Organisations should be aware of open source pitfalls, warns expert as NHS England announces open source plans

Out-Law News | 03 Jul 2013 | 5:00 pm | 2 min. read

Organisations may encounter problems as well as achieving benefits through their use of open source IT solutions, an expert has said.

In a new report entitled 'Safer Hospitals Safer Wards: Achieving an integrated digital care record', (52-page / 700KB PDF) NHS England outlined plans to make use of 'open source' IT products and solutions.

'Open source' is software showe underlying code is made available by developers for others' use without the need to pay royalties or licensing charges. Responsibility for upgrading open source software rests with its community of users.

NHS England said that it aimed to "develop a vibrant market of products and solutions that are available as national solutions or would be made available under Open Source licensing arrangements for local implementation" by hospitals. It said that it hopes adopting the open source approach will enable it to cut the "initial capital outlay" associated with licensing "Common Off The Shelf (COTS) products".

Technology law specialist Alison Ross-Eckford of Pinsent Masons, the law firm behind, said that organisations that make use of open source solutions must be aware of the shortcomings associated with doing so as well as the benefits it can deliver.

"In general open source solutions by their nature do avoid ‘vendor lock-in’ and the licensing costs associated with proprietary software, but there are still disadvantages to open source," Ross-Eckford said. "The most common problems cited by businesses are the lack of ongoing support and maintenance, scalability, problems with upgrading, interoperability, crashes and bugs, and consequential downtime."

"The resulting demand for stability and recourse to a provider when things go wrong often drive businesses back to proprietary solutions," she said.

NHS England said it had visited the Veterans Health Administration in the US where it had assessed how the body had made use of the open source approach to create VistA, an electronic medical record information system which doctors can access and in which they can update patient details. NHS England said it is currently in the process of assessing the capability of VistA and what "customisation" would need to be done to it to "make it fit for use" in the NHS.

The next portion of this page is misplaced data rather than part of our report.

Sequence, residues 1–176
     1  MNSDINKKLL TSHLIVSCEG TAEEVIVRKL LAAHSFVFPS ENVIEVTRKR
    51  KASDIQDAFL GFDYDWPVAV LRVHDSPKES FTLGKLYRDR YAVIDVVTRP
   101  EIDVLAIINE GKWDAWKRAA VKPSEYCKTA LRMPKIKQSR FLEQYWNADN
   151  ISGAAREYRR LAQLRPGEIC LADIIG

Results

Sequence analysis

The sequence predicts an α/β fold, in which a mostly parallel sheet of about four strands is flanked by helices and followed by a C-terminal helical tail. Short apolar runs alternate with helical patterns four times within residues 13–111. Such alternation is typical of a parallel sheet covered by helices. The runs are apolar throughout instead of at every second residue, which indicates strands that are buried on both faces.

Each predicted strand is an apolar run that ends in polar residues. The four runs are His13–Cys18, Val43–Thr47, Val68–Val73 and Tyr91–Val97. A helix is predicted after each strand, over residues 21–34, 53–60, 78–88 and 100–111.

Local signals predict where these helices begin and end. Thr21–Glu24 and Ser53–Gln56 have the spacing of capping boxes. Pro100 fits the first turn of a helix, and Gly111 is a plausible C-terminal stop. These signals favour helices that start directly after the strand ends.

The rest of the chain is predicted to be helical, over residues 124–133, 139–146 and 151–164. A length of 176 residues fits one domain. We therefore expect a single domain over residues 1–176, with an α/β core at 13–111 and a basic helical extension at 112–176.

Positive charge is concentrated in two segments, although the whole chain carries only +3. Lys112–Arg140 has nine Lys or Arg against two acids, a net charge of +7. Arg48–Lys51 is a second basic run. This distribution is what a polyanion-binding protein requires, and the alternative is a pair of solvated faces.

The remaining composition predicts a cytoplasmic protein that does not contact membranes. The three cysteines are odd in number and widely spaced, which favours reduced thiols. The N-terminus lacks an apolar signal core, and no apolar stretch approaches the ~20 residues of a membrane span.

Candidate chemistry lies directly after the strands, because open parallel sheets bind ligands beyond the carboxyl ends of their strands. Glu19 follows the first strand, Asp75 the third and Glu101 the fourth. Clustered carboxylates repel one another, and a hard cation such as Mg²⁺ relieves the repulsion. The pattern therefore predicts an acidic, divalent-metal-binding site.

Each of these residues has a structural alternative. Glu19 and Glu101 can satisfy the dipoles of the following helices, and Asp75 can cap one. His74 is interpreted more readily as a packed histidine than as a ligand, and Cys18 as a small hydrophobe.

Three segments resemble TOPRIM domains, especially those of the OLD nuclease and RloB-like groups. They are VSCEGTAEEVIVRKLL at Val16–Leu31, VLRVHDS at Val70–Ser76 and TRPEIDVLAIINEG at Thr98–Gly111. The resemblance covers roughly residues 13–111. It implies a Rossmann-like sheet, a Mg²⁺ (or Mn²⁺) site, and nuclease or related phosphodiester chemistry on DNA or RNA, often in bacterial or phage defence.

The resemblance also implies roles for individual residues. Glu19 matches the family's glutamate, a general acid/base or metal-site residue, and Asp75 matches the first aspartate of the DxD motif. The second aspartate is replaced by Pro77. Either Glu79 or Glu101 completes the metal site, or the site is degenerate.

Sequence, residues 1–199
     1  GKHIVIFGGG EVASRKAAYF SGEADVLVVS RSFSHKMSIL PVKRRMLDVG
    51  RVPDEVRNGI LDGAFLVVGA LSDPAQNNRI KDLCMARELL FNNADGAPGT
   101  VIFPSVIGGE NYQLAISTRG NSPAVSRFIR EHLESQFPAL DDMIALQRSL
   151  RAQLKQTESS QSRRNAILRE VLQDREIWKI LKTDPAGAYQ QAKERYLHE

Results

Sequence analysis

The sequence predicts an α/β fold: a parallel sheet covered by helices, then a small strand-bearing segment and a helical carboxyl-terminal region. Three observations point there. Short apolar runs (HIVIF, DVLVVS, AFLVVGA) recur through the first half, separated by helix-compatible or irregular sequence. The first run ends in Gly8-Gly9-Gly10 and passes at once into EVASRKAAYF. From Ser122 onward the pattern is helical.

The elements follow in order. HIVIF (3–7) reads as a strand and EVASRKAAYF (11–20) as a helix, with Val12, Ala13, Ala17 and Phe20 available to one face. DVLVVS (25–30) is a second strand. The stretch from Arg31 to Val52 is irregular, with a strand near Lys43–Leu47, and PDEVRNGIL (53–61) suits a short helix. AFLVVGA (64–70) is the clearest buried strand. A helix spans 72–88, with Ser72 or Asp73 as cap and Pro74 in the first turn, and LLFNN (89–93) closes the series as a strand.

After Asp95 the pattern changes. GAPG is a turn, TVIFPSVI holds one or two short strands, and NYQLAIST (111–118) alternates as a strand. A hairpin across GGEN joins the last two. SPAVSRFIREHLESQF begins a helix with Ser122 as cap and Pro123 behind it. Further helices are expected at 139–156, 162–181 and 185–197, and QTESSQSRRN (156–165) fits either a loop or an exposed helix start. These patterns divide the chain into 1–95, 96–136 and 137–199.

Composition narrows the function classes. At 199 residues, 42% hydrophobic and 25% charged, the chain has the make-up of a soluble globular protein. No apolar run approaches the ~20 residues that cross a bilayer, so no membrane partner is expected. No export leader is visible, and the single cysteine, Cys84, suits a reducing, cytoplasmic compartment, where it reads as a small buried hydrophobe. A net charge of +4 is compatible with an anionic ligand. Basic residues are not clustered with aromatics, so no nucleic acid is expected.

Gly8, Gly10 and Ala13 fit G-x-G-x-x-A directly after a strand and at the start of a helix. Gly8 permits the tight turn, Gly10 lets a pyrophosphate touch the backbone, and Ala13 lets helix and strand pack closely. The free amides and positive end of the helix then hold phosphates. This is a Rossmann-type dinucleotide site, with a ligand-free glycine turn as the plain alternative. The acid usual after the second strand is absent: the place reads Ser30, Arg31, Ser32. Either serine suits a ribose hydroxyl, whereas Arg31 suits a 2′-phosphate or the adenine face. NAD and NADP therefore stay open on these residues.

Ross-Eckford said there were a number of data privacy and security concerns that NHS England would have to consider around the VistA programme.

"Proponents of an NHS VistA have consistently emphasised the potential savings, improved patient choice, collaborative ethos, and modular structure of VistA," she said. "However, what is not mentioned in the report is that VistA is dependent on patient records – sensitive personal data – being held in the cloud."

"This gives rise to the usual security and privacy concerns regarding data in cloud-based solutions: security measures for stored data, protection from interception in transit, adequacy of encryption measures, maintenance and deletion of data, access rights, and jurisdiction issues," the expert added.

"From a data protection perspective, liability for patient records and the responsibilities of the data controller and data processor would need to be clearly delineated. Although the cloud computing market and regulatory regime are becoming more sophisticated and security issues remain top of everyone’s priority list for cloud solutions, for a project such as this where patient records are at its centre, the potential risks are substantial and the potential for reputational damage is significant," Ross-Eckford said.

However, Ross-Eckford said there is clear need for improved information sharing and data access within the NHS.

"Whilst there are clearly examples of successful clinician-driven collaborative solutions to date – Moorfields, Kings College Hospital, and Leeds Teaching Hospital are all cited in the report – it remains to be seen how local collaborative solutions and the spectrum of products to be made available by NHS England under the initiative will ultimately lead to a fully integrated national system of digital patient records by 2018. Nonetheless, this report sets out the preliminary steps on that path," she said. 

Health Secretary Jeremy Hunt has previously outlined his vision for the NHS to be 'paperless' by 2018 and for health care providers to have access to a single digital medical record for each patient.